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L.A. Jewish Community

August 08, 1992

Kotkin has taken us down a narrow view of where the Los Angeles Jewish community finds itself following the riots of this past spring. Kotkin has implied that the Jewish response has been primarily to turn inward. While it may be true that some within our community have focused their energies exclusively on the issues of self-protection, the vast majority of the organized Jewish community for some time has been focusing its efforts on nurturing and expanding the points of contact between our community and other major urban players.

Kotkin even acknowledges one such reference when he refers to the New Leaders Project, a program co-sponsored by the Jewish Federation Council's Jewish Community Relations Committee. This innovative effort, along with a number of activities by area synagogues, community service agencies and human relations organizations, have all given attention to the need for stronger and more direct relations with Asian, Latino and black leadership in Southern California. The fact that since early May more than 20 synagogues have established relationships with inner-city churches that serve these minority communities reflects this institutional thrust toward greater participation.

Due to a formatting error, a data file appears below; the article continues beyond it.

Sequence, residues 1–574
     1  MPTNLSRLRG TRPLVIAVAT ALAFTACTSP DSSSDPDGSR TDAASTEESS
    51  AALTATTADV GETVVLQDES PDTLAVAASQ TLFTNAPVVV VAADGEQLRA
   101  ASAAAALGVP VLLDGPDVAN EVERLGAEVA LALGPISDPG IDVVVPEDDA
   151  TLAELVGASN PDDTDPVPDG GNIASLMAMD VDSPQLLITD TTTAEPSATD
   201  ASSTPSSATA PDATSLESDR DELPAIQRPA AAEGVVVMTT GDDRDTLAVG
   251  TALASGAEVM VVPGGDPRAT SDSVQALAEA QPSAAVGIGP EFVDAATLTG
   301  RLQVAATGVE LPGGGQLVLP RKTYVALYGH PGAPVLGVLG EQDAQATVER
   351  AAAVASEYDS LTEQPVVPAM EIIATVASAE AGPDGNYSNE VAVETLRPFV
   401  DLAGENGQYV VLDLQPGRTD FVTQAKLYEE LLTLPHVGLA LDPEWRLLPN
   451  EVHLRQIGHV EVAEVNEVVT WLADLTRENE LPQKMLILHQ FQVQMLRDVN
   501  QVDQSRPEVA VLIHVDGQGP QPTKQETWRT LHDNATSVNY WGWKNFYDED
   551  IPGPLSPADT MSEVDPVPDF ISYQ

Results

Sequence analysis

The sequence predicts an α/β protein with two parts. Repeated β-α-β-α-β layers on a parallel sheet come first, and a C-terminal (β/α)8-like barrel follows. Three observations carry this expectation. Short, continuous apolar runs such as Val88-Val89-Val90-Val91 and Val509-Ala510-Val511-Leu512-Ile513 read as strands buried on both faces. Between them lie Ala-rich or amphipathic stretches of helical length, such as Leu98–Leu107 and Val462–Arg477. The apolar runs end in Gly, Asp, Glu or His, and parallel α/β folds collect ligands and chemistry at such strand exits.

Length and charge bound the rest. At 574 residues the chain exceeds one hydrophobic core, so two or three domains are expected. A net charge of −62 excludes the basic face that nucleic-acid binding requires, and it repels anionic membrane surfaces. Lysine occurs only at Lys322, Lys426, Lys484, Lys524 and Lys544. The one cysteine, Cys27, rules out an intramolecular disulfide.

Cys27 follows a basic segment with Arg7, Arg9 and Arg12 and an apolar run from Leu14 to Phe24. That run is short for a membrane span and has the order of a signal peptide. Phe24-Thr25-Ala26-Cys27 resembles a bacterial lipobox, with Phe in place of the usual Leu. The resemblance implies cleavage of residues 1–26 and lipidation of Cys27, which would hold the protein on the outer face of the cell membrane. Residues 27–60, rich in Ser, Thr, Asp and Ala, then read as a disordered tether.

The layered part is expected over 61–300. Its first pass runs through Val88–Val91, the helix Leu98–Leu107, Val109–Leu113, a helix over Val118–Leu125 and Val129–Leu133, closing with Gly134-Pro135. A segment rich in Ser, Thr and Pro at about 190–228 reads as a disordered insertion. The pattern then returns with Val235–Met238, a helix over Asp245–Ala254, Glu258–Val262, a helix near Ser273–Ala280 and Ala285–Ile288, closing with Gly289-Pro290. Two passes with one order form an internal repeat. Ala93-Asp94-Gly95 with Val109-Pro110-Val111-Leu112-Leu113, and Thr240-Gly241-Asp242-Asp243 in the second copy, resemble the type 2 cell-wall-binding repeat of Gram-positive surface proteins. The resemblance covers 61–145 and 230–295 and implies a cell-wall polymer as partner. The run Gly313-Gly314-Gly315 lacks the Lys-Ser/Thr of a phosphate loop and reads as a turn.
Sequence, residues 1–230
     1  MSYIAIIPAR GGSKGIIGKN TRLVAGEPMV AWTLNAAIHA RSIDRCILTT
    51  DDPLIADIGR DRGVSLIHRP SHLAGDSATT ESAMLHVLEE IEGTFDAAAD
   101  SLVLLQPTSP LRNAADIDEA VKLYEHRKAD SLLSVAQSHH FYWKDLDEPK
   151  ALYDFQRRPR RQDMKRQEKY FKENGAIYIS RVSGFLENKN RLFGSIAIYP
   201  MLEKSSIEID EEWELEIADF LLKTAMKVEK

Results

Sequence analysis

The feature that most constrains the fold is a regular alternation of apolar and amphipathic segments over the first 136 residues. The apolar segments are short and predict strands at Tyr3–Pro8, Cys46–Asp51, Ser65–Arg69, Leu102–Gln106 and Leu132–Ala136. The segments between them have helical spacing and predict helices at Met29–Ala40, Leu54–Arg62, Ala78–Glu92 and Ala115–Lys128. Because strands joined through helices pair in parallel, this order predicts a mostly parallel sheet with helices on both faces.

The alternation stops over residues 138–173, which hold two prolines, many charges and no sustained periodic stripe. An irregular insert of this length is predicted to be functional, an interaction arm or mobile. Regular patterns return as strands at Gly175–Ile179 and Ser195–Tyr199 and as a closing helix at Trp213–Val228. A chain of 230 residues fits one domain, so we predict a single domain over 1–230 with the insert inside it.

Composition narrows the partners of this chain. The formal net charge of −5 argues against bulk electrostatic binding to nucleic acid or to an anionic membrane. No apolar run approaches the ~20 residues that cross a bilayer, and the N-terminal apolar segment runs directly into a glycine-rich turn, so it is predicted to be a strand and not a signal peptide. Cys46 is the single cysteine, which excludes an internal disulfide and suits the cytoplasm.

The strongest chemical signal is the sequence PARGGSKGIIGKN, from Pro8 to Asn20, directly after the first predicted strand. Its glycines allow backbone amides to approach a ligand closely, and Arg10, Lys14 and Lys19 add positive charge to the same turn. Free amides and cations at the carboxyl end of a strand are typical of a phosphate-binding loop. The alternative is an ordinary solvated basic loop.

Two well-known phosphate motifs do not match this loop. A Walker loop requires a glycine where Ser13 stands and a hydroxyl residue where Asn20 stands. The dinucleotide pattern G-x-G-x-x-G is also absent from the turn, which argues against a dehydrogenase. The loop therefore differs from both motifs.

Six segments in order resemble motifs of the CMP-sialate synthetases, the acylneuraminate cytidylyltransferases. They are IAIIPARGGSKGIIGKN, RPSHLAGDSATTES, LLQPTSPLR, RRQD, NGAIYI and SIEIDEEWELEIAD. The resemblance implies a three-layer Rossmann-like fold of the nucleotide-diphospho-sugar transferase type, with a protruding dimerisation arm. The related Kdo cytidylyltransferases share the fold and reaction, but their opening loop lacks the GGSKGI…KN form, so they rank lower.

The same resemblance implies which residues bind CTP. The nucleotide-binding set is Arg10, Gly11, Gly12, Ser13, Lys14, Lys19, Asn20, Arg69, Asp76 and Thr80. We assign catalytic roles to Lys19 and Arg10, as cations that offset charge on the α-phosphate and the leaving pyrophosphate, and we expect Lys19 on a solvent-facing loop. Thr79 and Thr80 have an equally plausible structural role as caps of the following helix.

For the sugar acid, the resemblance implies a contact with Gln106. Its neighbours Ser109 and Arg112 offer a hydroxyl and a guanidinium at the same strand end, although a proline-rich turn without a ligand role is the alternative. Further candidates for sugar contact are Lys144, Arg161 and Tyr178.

The changes that face Los Angeles in general will also impact on its Jewish citizens. The challenge to us rests on how our community can effectively work in partnership with others that compose this multiethnic city.

TERRY BELL

President

Jewish Federation Council

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